Augmenting recommendation systems with LLMs — The TensorFlow Blog–rJ2OM7fokaYLUvh4Tulg2yLq28d/s1600/Social—TensorFlow—Leveraging-LLMs-in-your-recommendation-systems.png

Posted by Wei Wei, Developer Advocate

Large language models (LLMs) are taking the world by storm, thanks to their powerful ability to generate text, translate languages, and answer questions in a coherent and informative way. At Google I/O 2023, we released the PaLM API as ‘public preview’ so that many developers can start building apps with it. While PaLM API already has excellent documentation on its extensive usage and best practices, in this blog we are going to take a more focused approach to explore how to leverage LLMs to augment your ML systems in a practical application: recommendation systems.

As a refresher, modern recommendation systems often follow a retrieval-ranking architecture, which enables them to effectively and efficiently filter and rank relevant items to maximize the utility in production. You can go through this codelab to learn about building a fullstack movie recommendation system using TensorFlow and Flutter.

Demonstration of the retrieval-ranking architecture where candidate items move from retrieval to ranking, then post-ranking.

We will discuss how LLMs can be incorporated into this retrieval-ranking pipeline.

Conversational recommendations

If you already have access to Bard, you can ask it to create recommendations for you interactively in a dialogue. Here is an example of asking Bard for movie recommendations:

A user asks 'I'm in the mood for some drama movies with artistic elements tonight. Could you recommend three? Titles only. No other text' Bard responds 'Sure, here are three drama movies with artistic elements that you might enjoy: The Tree of Life, The Piano Teacher, The Passion of Joan of Arc'

As a developer, you can build a similar functionality in your own applications, using the PaLM API Chat service with minimal effort:

prompt = """You are a movie recommender and your job is to recommend new movies based on user input.
So for user 42, he is in the mood for some drama movies with artistic elements tonight.
Could you recommend three? Output the titles only. Do not include other text."""

response =

The PaLM API also allows you to help your user continue the exploration and interactively refine the recommendations (e.g., asking to swap The Florida Project for another one) in a dialogue, which is what Chat service is designed for. This kind of conversational recommendation interface (think having a knowledgeable chatbot that guides a customer along the way in your shopping app) provides a fluid and personalized experience for the users, and can sometimes be a very appealing addition to your existing recommendation surfaces.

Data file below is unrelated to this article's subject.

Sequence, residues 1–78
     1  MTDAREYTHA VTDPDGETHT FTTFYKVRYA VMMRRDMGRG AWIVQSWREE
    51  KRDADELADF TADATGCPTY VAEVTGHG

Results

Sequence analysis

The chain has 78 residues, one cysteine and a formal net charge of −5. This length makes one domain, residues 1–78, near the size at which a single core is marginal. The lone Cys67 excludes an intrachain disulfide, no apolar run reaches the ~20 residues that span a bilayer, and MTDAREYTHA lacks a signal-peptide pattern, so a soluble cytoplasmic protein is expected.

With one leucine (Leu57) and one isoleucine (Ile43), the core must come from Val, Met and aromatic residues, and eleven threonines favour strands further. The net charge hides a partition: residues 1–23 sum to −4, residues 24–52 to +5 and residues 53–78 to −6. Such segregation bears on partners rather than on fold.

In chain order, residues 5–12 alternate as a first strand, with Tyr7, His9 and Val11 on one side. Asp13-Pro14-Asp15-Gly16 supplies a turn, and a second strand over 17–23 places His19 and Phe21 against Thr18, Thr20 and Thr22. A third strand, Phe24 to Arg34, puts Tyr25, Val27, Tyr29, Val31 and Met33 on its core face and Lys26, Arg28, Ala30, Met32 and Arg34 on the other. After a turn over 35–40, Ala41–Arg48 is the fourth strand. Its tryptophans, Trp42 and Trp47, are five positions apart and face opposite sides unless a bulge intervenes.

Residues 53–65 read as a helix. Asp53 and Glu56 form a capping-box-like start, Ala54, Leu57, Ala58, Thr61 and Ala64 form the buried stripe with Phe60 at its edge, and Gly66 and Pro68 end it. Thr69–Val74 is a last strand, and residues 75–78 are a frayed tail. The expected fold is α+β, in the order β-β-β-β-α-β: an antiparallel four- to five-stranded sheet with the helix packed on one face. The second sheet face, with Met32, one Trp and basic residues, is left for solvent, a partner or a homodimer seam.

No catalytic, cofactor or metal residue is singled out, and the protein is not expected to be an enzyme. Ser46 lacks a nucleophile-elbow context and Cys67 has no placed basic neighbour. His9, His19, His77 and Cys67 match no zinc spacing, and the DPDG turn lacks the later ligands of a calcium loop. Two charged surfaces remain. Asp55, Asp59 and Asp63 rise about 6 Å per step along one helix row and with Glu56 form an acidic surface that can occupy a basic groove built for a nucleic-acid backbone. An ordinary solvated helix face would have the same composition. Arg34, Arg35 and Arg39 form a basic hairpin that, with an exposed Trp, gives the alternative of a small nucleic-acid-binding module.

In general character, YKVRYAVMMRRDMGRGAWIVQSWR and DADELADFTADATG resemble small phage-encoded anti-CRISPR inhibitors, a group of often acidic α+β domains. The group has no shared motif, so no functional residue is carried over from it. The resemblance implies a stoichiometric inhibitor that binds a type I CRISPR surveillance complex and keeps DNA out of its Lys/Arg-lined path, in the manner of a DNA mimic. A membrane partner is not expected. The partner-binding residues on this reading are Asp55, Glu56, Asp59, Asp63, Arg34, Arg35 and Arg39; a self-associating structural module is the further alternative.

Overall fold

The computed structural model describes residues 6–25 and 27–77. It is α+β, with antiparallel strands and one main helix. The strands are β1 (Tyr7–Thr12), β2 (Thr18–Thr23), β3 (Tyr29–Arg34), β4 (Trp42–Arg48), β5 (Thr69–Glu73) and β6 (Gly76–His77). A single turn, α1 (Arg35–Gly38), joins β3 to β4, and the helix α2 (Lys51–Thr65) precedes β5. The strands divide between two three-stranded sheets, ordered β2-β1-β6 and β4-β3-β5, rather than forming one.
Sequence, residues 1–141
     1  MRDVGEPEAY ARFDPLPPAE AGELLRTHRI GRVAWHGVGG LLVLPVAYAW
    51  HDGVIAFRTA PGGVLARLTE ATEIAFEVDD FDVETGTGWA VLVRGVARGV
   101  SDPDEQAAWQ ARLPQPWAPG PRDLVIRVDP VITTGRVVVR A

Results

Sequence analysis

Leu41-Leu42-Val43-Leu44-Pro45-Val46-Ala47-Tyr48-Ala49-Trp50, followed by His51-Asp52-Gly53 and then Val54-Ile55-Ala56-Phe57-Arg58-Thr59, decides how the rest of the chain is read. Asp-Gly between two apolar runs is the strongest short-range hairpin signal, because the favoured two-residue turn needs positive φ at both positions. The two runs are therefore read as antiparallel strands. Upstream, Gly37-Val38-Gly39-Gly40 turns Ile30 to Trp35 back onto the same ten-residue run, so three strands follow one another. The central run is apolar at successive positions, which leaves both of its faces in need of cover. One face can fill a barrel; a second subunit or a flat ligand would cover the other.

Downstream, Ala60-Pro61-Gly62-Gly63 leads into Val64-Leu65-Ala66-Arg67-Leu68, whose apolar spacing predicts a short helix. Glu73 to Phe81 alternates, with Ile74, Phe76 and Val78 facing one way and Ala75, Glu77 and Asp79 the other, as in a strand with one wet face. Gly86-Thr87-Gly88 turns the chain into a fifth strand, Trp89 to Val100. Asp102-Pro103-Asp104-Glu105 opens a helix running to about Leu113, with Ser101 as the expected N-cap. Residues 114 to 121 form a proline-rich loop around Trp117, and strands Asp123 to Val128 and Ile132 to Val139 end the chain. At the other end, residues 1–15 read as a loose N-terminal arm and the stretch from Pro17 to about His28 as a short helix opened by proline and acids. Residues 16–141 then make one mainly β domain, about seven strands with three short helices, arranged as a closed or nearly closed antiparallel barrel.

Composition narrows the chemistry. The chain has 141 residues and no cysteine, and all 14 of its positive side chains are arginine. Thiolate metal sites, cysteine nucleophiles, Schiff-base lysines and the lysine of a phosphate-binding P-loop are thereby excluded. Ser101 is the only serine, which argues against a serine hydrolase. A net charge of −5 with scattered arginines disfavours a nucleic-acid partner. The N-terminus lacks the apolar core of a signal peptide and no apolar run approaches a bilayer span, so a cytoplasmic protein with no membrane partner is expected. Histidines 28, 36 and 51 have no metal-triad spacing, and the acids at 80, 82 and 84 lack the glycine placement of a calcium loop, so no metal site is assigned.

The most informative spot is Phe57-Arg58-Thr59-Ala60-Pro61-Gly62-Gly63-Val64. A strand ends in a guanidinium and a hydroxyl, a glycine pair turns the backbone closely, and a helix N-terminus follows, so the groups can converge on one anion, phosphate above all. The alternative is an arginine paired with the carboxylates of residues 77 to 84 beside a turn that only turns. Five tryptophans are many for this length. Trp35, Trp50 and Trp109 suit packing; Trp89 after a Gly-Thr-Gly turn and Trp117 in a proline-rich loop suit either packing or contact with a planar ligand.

Sequential recommendations

Recommendations would be much more useful if your system knows what your users may like. One way to find out your users’ interest is looking at their historical activities and then extrapolating. This is often called ‘sequential recommendation’ because the recommender looks at the sequence of items that have been interacted with and infers what to recommend. Usually you need to use a ML library (i.e., TensorFlow Recommenders) to achieve this. But now with the power of LLMs, you can also do this with the PaLM API Text service:

prompt = """You are a movie recommender and your job is to recommend new movies based on the sequence of movies that a user has watched. You pay special attention to the order of movies because it matters.

User 42 has watched the following movies sequentially:

"Margin Call",
“The Big Short”,
"The Martian",

Recommend three movies and rank them in terms of priority. Titles only. Do not include any other text.

response = palm.generate_text(
model="models/text-bison-001", prompt=prompt, temperature=0

This example prompts the Text service with 4 movies that have been watched and asks the PaLM API to generate new recommendations based on the sequence of past movies.

Rating predictions

In the ranking phase of modern recommendation engines, a list of candidates needs to be sorted based on certain criteria. This is usually done by using a learning-to-rank library (such as, TensorFlow Ranking) to predict the ordering. Now you can do this with the PaLM API. Here is an example of predicting movie ratings:

prompt = """You are a movie recommender and your job is to predict a user's rating (ranging from 1 to 5, with 5 being the highest) on a movie, based on that user's previous ratings.

User 42 has rated the following movies:
"Moneyball" 4.5
"The Martian" 4
"Pitch Black" 3.5
“12 Angry Men” 5

Predict the user's rating on "The Matrix". Output the rating score only. Do not include other text.
response = palm.generate_text(model="models/text-bison-001", prompt=prompt)